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Police dispatchers honored for workSubmitted: 04/15/2014

Kaitlyn Howe
Reporter/Producer
khowe@wjfw.com


RHINELANDER - Police dispatchers don't know what the day will look like when they get to work.

Oneida County dispatchers respond to everything from downed power lines, fires and domestic disputes.

Dispatchers from around the country are being honored this week. National Public Safety Telecommunicators week is being held April 13-19.

"It just depends on what comes in. You know some days can start out pretty mellow. And just like that, it can be all chaos," says Oneida County dispatcher Mary Goeldner.

Goeldner has been a dispatcher for 18 years.

"Sometimes it's real difficult. Sometimes you just have to keep repeating yourself and telling them that you know I need you to calm down because I want to help you but you've got to help me' If we don't know what's going on, we don't know where it's happening we can't send help," says Goeldner.

Goeldner enjoys her job because she feels she can help those who need it.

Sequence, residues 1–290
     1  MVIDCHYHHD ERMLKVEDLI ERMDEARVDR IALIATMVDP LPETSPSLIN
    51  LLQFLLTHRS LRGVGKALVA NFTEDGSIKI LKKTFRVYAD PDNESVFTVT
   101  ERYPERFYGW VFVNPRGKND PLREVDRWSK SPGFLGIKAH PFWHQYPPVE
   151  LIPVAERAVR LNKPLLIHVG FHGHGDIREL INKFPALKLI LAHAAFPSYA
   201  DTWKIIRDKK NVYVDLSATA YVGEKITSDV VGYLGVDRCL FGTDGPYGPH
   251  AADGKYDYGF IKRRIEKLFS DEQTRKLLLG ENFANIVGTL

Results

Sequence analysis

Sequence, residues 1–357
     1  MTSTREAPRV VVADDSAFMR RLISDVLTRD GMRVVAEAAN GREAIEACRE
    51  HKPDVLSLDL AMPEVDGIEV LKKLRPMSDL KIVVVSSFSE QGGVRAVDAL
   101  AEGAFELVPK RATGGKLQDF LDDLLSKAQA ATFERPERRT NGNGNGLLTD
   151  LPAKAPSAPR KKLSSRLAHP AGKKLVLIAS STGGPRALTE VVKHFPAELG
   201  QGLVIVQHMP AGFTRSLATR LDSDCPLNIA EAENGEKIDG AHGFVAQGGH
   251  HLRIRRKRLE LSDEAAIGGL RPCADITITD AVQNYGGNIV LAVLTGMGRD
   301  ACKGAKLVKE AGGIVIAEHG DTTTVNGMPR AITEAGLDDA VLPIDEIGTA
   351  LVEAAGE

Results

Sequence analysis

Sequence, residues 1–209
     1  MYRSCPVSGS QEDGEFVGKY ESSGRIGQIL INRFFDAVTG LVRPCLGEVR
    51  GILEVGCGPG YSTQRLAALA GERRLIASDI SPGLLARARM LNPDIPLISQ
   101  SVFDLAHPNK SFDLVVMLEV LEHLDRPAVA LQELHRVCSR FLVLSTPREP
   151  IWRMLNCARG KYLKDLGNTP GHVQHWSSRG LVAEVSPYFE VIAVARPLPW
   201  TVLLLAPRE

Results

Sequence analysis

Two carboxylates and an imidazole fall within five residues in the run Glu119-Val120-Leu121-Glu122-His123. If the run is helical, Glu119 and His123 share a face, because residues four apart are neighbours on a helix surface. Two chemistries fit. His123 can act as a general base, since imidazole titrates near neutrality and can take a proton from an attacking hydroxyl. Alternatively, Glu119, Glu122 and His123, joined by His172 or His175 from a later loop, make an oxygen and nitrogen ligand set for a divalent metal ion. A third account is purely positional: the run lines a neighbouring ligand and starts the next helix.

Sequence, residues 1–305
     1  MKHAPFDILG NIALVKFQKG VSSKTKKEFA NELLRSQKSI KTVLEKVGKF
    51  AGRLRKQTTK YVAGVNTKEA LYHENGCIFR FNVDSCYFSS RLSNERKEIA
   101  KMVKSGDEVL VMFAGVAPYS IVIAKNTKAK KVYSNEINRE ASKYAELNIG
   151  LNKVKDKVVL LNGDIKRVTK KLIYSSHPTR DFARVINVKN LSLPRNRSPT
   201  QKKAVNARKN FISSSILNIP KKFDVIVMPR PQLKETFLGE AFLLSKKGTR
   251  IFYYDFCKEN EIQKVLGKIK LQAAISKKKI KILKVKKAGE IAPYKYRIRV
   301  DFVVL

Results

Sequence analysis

"The calls where you really feel like you help somebody," says Goeldner.

The weather can play a big factor in the types of calls that come in.

"This time of year when we get unexpected snow or the roads are bad, we'll get a lot of vehicles in the ditch. Summertime when we have storms come through we get a lot of power lines down, trees down, that type of thing," says Goeldner.

Oneida County dispatchers get calls for Rhinelander and Three Lakes police departments too.

But calls aren't the only thing that dispatchers are responsible for.

They also process warrants and restraining orders.

"When they're cancelled we have to make sure they get cancelled out of the national system and the state system so that someone isn't arrested and they shouldn't be," says Goeldner.

Helping people in tough situations makes the hard work worth it.



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